SIR Stuart Rose, executive chairman of Marks & Spencer, yesterday waived his entitlement to more than £1m in shares in a bid to appease disgruntled shareholders.
Under the incentive share plan, M&S’s remuneration committee had awarded Rose 1,184,900 shares.
But after a shareholder backlash led by the Association of British Insurers (ABI), Rose said he would waive his right to 394,967 shares that were due to vest in three years if he met long-term performance targets. At yesterday’s price of 293p a share, they were worth over £1.1m.
Although the ABI said it welcomed the move, it warned there was still an “amber top” on the retailer due to concerns over its unconventional board structure, which sees Rose combine the role of chief executive with the group’s chairmanship.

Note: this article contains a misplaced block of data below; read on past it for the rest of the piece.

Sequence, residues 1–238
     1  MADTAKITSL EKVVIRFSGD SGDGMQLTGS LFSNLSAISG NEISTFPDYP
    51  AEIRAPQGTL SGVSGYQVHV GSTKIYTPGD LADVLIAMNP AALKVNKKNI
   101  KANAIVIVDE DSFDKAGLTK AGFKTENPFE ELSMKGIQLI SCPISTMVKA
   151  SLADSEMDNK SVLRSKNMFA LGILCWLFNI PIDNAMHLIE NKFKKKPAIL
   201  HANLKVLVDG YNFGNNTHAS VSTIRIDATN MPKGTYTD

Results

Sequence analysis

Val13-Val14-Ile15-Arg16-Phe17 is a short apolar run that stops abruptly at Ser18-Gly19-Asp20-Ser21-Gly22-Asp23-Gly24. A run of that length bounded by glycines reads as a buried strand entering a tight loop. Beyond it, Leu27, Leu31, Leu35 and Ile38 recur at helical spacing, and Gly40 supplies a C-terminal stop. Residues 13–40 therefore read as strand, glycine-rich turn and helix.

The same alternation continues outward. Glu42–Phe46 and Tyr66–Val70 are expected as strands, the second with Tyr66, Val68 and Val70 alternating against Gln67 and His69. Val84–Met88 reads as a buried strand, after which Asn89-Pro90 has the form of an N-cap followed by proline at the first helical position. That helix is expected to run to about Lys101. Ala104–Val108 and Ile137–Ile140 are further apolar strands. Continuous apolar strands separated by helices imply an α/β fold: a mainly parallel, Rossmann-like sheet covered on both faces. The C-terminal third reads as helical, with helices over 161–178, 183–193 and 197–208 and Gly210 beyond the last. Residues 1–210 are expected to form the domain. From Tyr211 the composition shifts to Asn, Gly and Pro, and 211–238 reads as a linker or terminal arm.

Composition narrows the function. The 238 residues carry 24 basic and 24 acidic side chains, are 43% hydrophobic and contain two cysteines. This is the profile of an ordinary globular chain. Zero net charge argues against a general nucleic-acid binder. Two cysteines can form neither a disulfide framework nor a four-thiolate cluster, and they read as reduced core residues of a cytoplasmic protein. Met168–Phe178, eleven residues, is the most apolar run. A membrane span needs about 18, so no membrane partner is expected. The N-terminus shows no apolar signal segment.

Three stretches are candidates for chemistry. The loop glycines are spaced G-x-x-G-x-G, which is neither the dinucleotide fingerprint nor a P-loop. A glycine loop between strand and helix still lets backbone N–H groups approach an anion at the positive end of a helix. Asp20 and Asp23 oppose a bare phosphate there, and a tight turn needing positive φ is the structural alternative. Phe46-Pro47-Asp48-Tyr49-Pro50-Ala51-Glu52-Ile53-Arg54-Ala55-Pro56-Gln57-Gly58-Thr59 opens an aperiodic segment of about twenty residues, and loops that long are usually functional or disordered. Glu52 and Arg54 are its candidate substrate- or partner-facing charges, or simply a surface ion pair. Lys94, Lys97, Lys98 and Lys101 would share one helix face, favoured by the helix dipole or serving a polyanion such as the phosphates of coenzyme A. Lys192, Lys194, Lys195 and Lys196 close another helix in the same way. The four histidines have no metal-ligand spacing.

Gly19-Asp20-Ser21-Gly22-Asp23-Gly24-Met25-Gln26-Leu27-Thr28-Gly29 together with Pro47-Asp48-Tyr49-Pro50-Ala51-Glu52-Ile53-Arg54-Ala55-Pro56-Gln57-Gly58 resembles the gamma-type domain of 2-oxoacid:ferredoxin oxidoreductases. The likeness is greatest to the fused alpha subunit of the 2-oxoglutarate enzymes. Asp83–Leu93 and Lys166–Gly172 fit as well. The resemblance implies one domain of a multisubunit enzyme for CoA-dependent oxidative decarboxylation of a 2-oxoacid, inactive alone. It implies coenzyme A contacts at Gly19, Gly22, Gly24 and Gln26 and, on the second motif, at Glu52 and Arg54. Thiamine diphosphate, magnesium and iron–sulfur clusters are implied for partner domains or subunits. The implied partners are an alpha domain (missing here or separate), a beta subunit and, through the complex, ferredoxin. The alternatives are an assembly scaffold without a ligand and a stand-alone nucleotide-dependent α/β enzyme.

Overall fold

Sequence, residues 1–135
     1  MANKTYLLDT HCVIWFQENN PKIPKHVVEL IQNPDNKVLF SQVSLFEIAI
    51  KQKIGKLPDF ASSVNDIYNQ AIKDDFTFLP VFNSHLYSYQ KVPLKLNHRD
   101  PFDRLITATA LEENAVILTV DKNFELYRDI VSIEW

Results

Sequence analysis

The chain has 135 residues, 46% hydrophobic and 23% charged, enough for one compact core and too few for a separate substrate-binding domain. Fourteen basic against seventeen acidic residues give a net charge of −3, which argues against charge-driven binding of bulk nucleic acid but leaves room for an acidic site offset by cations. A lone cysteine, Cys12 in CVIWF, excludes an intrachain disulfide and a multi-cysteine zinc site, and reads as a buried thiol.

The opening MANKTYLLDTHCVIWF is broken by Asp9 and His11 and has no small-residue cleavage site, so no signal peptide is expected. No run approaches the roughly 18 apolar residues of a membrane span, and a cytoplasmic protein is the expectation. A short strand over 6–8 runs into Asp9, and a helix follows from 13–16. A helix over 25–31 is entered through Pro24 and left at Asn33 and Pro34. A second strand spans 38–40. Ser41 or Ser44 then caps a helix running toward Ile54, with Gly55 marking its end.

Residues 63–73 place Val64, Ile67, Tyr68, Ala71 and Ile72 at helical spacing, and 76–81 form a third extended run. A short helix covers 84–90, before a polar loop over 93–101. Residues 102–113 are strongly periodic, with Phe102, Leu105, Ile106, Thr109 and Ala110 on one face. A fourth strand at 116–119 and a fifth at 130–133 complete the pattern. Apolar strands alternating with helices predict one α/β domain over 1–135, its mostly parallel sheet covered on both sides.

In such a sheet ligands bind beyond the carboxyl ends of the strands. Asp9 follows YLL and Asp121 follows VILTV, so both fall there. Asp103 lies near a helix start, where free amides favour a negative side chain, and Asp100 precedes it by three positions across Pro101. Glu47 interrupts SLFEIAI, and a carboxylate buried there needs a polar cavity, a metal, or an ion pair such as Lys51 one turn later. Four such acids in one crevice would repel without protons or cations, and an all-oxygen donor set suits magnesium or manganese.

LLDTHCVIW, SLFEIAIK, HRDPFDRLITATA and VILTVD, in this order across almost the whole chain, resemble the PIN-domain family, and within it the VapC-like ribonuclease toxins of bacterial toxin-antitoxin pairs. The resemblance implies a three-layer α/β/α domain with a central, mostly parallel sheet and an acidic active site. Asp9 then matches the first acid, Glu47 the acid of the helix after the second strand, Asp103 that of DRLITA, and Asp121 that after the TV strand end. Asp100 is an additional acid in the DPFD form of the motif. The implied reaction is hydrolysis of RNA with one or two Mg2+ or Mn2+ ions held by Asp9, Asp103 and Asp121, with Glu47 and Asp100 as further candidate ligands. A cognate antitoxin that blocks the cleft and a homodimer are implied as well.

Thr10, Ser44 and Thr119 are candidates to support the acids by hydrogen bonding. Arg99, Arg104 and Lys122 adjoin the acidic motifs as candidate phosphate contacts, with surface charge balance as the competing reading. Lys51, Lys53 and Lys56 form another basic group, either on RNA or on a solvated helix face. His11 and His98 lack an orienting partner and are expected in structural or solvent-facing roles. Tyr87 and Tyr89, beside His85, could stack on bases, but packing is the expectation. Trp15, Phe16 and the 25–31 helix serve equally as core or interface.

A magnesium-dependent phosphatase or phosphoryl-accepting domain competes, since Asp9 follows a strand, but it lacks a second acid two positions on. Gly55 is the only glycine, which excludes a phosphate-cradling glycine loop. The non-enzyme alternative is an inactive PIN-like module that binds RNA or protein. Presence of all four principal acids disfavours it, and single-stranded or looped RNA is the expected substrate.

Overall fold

Rose said: “The board of M&S is acutely aware of the governance issues we face and the importance of good shareholder relations. Our decision today reflects this.”
The retailer, which last month reported a 40 per cent decline in full-year profit and cut its dividend by a third to conserve cash, said this week it will begin the hunt for a new chief executive in September.
Steve Sharp, the group’s marketing director, also said he will not take the 194,484 shares he is owed, currently worth nearly £580,000.
However, finance director Ian Dyson is not handing back his share awards totalling £3m.
Nor is Kate Bostock, who is in charge of the group’s fashion department. She is due to collect share awards worth £1m.